The quote “a ship is safe in harbour, but that is not what ships are built for” is attributed to an American naval luminary and an early 20th century aphorist. It is wisdom we often reflect on in the beginning of a new school year at THS.
The summer has been a busy one. A to-do list of minor repair and maintenance has kept us occupied all July and August but there’s always something more that needs to be squared away when it’s time to get back out on the water. The engine’s water intake is blocked, a mast hoop is broken, or a shackle has rusted. (follow our adventures on Instagram @thsblackdolphin)
This year it was barnacles on the propellor. We cranked up the engine to begin this year's new teacher orientation sail but could not make any way. You just don’t know if the system is working unless you’re trying to use it.
This holds as true for what we do on the Black Dolphin as it does for working the Black Dolphin itself. It's a new school year and classes have started - we are anxious to get out and help students to practically apply their classroom knowledge to real-world situations. We’re eager to get out there to put the Black Dolphin's very unique curriculum to work, and this year, what we are most excited and happy to see is the same excitement from teachers to work with the Black Dolphin. We’re about to be very busy.
We are now really a part of the fabric of school life at The Harbour School. For the first time since the Black Dolphin program was started, we have teachers already approach us before the school year had begun to plan Black Dolphin activities. Rosanna Tobin and Joanna Simpson with their Grade 4 cohort foster robust learners. Last year’s Grade 4 students had the most trips of any grade level aboard the Black Dolphin and took strong winds, high seas and baking heat in their stride.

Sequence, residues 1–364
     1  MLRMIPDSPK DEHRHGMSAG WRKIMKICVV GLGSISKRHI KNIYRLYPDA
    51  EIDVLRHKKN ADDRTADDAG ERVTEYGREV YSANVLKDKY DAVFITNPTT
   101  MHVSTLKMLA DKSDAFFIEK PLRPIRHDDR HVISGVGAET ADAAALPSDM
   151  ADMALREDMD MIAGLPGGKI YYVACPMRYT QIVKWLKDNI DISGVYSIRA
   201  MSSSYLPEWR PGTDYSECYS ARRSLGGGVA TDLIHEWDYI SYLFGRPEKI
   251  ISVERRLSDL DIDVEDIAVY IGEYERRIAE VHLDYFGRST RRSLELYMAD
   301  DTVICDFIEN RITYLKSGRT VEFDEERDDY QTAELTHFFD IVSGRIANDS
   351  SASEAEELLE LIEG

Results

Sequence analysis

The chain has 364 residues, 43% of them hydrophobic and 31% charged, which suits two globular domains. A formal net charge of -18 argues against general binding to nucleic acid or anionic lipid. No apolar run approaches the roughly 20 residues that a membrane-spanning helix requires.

We are looking forward to September 18 and 19 when the Black Dolphin will again be transformed into an Athenian galley with a crew dedicated to Poseidon, searching for new trade opportunities and mapping trade routes. The following month they will become paleontologists sailing to a deserted island to investigate an amazing fossil find. They will map out the beach in quadrats, sift the sands for fossils and attempt to piece them together to recreate the skeletons of these creatures from a bygone age. From these skeletons they will try to make inferences about their diet, behaviour and way of life.
In October, Grade 5 students will come aboard as archaeologists in search of shipwrecks from the Age of Exploration. Flotsam and jetsam are the clues we will follow to ancient shipwrecks and will tell us much about these early explorers and traders. Traces of their cargo will tell us if they were carrying spices from the East Indies, tea from India, or emeralds from South America (we wish!). Also planned for October, we will join them in the classroom to go over the basics of compass navigation and students will calculate course legs that they will later steer aboard the Black Dolphin to reach an exotic lunch time destination or alternatively, be lost at sea forever.
High School students taking French will be taking the Black Dolphin to Lamma Island for a day of French immersion and introduction to the game of Pentanque. Our high schoolers will be acting out scenes from Shakespeare’s “Tempest” aboard our mobile sound and light stage, the Black Dolphin.
Last year’s Grade 4 students were first off the block to vote their Black Dolphin experiences their “favourite learning adventures”. We can’t wait to take our first students onboard this year and watch the learning magic unfold.
Follow our learning adventures onboard the Black Dolphin at Instagram @thsblackdolphin